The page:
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This article addresses the steps that an Executor needs to take when the Will maker has died, and how to deal with the Estate of the deceased. In summary, the Executor must ensure that they carry out the wishes of the deceased in accordance with the Will. This would generally include obtaining a Grant of Probate from the Supreme Court of New South Wales and distributing the assets to the beneficiaries.


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The first steps an Executor need to take when a Will maker has passed away include:


  1. Finding the original Will of the deceased. This could be kept at the deceased’s residence, held by the deceased’s lawyer or the NSW Trustee & Guardian.
  2. Arranging the funeral or memorial service. Costs of arranging this would generally be taken or reimbursed from the deceased’s estate. Often, the deceased’s closest relative would prepare a funeral or service in accordance with what the deceased would have liked.
  3. Obtaining the death certificate. Generally, the Registry of Births, Deaths & Marriages is informed by the funeral director or doctor. The death certificate is forwarded to the next-of-kin or executor of the deceased.
  4. Contacting beneficiaries. The Executor would need to contact beneficiaries and immediate family members of the deceased, and inform them what has been left to them in the Will.
  5. Determining what assets the deceased held. This may involve communicating with the deceased’s relatives and friends, contacting banks and searching for any documents held by the deceased indicating ownership of property.


If you are appointed an Executor but do not wish to act as one, you can renounce the role of Executor. This should be done as soon as possible, before you begin any work as an Executor. A ‘Renunciation of Probate’ form would need to be prepared and filed with the Supreme Court of NSW.



B. Dealing with the estate


Where necessary, an application for a Grant of Probate would be made within six months of the date of death. This is often required if the deceased had significant assets – banks and other institutions generally want to see a Grant of Probate before distributing any substantial assets to an Executor or Beneficiary.

Often, an Executor would set up an Estate bank account so that the deceased’s funds are kept separately from the Executor’s and to have a clear record of how the funds are being managed.


An Executor would normally need to personally attend at their preferred bank branch to set up an Estate bank account, showing relevant documents such as the Death Certificate, the Will of the deceased and the Executor’s identification.


If the deceased was earning income above the tax-free threshold in the income year of their passing, a final tax return would need to be lodged with the Australian Taxation Office (ATO). The Executor is generally the ‘legal personal representative’ who is responsible for doing this, and could obtain advice from an accountant where necessary.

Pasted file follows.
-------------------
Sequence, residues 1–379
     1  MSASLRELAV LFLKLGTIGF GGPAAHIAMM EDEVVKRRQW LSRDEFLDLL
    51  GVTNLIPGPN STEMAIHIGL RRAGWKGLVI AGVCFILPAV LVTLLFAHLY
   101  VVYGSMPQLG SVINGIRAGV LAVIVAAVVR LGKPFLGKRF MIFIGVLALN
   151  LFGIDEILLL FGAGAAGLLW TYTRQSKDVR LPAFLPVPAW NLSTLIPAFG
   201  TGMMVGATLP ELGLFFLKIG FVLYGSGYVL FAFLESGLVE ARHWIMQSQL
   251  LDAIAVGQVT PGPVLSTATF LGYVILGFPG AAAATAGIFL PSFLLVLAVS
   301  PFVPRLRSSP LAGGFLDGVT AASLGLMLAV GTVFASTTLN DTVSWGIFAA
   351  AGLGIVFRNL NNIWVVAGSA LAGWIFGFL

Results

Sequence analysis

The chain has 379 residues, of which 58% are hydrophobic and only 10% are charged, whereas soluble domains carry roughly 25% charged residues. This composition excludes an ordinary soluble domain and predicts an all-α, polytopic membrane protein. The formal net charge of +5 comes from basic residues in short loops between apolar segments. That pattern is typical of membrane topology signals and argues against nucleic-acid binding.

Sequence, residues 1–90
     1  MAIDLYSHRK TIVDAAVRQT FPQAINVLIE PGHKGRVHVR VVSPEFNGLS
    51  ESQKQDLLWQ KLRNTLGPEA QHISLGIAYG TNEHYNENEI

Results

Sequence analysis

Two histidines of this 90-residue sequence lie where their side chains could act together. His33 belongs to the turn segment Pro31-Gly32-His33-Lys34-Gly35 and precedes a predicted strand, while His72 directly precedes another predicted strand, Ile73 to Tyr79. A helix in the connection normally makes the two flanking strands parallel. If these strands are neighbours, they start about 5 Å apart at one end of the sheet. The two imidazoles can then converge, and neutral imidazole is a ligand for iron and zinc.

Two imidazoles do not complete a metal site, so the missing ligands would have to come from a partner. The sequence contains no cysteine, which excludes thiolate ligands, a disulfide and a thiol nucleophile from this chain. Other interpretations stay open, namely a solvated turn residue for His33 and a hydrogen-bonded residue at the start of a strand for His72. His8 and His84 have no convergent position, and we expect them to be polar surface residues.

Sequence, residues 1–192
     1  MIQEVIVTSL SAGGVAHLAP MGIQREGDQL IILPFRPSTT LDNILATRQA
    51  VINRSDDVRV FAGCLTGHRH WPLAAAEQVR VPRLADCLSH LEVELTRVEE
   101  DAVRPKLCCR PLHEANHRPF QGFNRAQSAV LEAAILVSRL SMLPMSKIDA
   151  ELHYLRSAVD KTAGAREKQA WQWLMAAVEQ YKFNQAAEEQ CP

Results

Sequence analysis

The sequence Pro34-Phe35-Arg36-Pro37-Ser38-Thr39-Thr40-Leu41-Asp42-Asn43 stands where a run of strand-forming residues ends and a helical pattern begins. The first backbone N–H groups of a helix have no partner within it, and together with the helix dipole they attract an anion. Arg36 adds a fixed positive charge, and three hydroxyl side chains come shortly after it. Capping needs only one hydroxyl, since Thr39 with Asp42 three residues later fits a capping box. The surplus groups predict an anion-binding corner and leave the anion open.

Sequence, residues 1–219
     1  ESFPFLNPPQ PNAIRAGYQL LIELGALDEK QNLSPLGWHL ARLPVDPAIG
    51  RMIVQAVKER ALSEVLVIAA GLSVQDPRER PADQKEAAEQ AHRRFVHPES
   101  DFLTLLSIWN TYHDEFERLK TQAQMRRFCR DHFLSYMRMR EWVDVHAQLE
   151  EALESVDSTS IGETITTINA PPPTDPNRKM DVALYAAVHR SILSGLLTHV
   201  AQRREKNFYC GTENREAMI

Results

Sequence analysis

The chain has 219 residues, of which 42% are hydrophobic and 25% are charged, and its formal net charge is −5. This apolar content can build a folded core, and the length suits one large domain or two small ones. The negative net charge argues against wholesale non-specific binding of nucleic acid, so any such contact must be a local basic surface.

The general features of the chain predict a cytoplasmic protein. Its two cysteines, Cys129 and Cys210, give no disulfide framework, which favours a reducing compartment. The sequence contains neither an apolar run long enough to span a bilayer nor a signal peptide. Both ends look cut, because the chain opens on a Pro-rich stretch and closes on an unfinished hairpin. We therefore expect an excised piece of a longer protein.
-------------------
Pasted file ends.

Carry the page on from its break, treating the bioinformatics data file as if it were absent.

If a tax return is not required (eg if the deceased was not earning any income), the ATO would still need to be notified of the death by submission of a ‘Non-lodgment advice form’.


A trust tax return must be filed if the deceased estate earns income after the person’s death above the tax-free threshold (eg continued rental income or share dividends).





Once the above steps have been completed and all debts and liabilities of the deceased have been paid out, the Executor can distribute the residue of the estate to the Beneficiaries in accordance with the Will of the deceased.


The Will must be carefully considered to ensure that the deceased’s wishes are being carried out.



D. Conclusion


Accordingly, the Executor will need to undertake many tasks to transmit the deceased’s estate and distribute it to the beneficiaries.


Often an Executor is also a beneficiary of the Will, or otherwise the Will maker has bequeathed a sum of money to the Executor for their efforts in administering the estate.


For more information on related matters, you may wish to read the following articles:


  1. Wills and Estates:A guide to the formal requirements of Australian wills and the consequences of intestacy.
  2. Power of Attorney & Guardianship:Discusses delegation of power in financial and lifestyle matters.
  3. Probate and Letters of AdministrationWhen a person dies, a probate (or letters of administration) would need to be applied for at the Court, with the help of a lawyer, so that assets can be transmitted to the beneficiaries.
  4. Funerals: This article outlines the process of organising and preparing for a funeral service including the steps taken when someone passes away, the legal obligations related to someone’s passing and the roles and contributions of the various people involved.



Comasters is able to advise clients on Wills and Estate matters, and assist  Executors in administering the Estate.


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© Comasters May 2022.


Important: This is not advice. Clients should not act solely on the basis of the material contained in this paper. Our formal advice should be sought before acting on any aspect of the above information.